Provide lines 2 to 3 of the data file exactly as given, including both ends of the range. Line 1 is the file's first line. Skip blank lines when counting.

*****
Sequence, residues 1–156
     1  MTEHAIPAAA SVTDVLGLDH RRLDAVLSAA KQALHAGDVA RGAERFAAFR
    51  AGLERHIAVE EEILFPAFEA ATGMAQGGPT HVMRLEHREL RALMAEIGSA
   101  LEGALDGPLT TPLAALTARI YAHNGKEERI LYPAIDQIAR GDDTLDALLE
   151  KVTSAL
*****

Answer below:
     1  MTEHAIPAAA SVTDVLGLDH RRLDAVLSAA KQALHAGDVA RGAERFAAFR
    51  AGLERHIAVE EEILFPAFEA ATGMAQGGPT HVMRLEHREL RALMAEIGSA